Page 90 - Synthesis of Functional Nanoparticles Using an Atmospheric Pressure Microplasma Process - LiangLiang Lin
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Chapter 5
5.1 Introduction
Owing to their unique magnetic properties, iron group nanoparticles (Fe, Co and Ni) enable promising applications in high density recording, medical imaging, ferrofluids, drug delivery and magnetic thermal therapy.1–3 Presently there is an increasing interest to Ni nanoparticles as they show promise in the field of magnetic hyperthermia for cancer treatment. This is induced by the synergistic combination of characteristics such as high saturation magnetization (Ms) value, excellent catalytic acivity, slow oxidation rate compared to Fe and Co as well as cytotoxicity against cancerous cells.4,5
It is well known that material properties depend critically on particle size, structure and morphology. For example, the surface plasmon resonance of gold nanoparticles show a red shift with increasing particle size, resulting in a considerable variation in optical properties.6 Iron oxide nanoparticles of maghemite structure (γ-Fe2O3) show excellent superparamagnetic behavior, in contrast to the antiferromagnetic nature of hematite (α-Fe2O3).7 Also, the hyperthermia therapy efficacy of Ni nanoparticles is affected by several parameters: (1) Composition. The existence of impurities will significantly reduce their magnetic performance. (2) Particle size. The saturation magnetization of Ni nanoparticles is size- dependent, which decreases with decreasing particle size.8 (3) Structure. The face-centered- cubic (fcc) phase Ni nanoparticles show better hyperthermia properties and have much higher Ms values (~48.5 mAm2/g) compared with the hexagonal-close-packed (hcp) phase (< 1 mAm2/g).9 Since magnetic properties of Ni nanoparticles are closely related to those parameters, the tuning of particle size, morphology and crystalline phase will allow us to have a precise control of their properties that can be optimized for specific applications.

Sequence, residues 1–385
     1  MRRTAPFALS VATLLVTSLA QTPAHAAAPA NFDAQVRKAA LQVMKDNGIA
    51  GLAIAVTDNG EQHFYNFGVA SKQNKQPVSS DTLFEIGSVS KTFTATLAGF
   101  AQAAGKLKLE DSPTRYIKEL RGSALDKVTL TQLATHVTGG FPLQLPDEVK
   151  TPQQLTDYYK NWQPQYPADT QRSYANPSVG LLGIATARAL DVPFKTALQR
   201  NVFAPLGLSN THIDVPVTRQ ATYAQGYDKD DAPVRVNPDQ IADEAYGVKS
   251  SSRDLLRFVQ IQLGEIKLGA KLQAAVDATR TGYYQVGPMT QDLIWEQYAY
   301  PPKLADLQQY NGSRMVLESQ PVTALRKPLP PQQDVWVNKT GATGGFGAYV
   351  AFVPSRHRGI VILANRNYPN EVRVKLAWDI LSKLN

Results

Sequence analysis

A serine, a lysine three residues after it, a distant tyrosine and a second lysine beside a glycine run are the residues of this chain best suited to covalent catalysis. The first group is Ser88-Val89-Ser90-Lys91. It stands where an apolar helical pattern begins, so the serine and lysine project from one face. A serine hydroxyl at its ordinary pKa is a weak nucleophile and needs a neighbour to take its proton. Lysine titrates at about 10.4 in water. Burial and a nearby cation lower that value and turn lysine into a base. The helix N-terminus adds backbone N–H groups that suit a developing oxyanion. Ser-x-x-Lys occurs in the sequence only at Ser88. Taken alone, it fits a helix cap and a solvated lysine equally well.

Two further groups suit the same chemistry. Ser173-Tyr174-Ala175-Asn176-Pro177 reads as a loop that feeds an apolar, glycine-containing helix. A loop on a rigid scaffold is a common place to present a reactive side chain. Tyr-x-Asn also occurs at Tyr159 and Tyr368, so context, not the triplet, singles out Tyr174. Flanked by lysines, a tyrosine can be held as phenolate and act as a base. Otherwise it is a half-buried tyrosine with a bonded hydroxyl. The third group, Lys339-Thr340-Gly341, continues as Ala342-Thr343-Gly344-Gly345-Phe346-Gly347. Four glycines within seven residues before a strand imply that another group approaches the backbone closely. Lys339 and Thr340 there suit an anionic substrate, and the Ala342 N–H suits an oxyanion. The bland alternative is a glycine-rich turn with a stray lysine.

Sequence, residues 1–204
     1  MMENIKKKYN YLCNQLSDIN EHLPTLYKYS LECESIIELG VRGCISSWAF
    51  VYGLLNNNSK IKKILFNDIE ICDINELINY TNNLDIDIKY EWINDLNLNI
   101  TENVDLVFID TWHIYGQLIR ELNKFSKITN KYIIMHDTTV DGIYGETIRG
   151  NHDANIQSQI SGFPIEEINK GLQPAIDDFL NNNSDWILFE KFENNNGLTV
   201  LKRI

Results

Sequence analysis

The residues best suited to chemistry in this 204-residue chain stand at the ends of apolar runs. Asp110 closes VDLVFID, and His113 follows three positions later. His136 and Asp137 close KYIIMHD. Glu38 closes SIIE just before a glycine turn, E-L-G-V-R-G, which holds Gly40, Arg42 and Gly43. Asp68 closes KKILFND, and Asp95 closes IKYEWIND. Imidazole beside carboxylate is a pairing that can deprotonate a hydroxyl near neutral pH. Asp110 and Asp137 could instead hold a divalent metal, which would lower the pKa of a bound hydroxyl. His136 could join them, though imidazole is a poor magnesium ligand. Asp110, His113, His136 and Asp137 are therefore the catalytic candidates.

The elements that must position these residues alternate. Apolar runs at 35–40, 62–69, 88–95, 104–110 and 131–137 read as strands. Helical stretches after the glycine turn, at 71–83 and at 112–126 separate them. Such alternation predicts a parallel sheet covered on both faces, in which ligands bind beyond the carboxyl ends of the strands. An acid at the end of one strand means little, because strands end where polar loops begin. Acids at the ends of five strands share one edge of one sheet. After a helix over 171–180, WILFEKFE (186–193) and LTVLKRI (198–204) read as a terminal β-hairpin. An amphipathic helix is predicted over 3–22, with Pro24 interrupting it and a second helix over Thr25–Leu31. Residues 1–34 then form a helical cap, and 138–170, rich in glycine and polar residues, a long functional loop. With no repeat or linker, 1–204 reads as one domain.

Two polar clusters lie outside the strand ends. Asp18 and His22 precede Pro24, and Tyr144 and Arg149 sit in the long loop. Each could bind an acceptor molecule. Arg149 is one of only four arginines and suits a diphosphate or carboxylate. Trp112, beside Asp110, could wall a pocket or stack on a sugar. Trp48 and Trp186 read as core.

The synthesis of Ni nanoparticles has been widely studied over the past decades, including a variety of novel or well-established methods such as microemulsion, sputtering, pyrolysis, ultrasound-assisted, solution combustion, chemical reduction and sol-gel process.10,11 However, these approaches are generally multi-steps and time consuming, requiring pre/post treatments such as separation, washing or annealing to improve purity and crystallinity. Flexible control over composition, structure and particle size during these processes is difficult to achieve, with the mechanisms poorly understood. Moreover, a great concern for bio-application is toxic chemicals involvement (e.g., reducing agents, solvents, catalysts or surfactants), leading to undesirable hazardous interactions with biological systems and the environment. Therefore, the controllable synthesis of Ni nanoparticles with desired properties in a simple, continuous, non-toxic and efficient way is still a challenge.
As shown in the chapter 3 and the chapter 4, the microplasma-assisted approach not only provides a rapid, cost-effective and continuous route to prepare high quality nanoparticles, but also simplifies the preparation process by omitting complex pre/post treatments as well as expensive vacuum equipment.12–14 With the motivation to synthesize Ni nanoparticles of controllable magnetic properties in a simple, continuous and environmental friendly way, this chapter firstly sought to test a hypothesis that the properties of Ni nanoparticles can be controlled and tuned by adjusting the power dissipated in the plasma. This is because Ni nanoparticles of fcc phase are more stable than hcp phase at high temperatures, increasing the power density should lead to an increased gas temperature, inducing a structure transition

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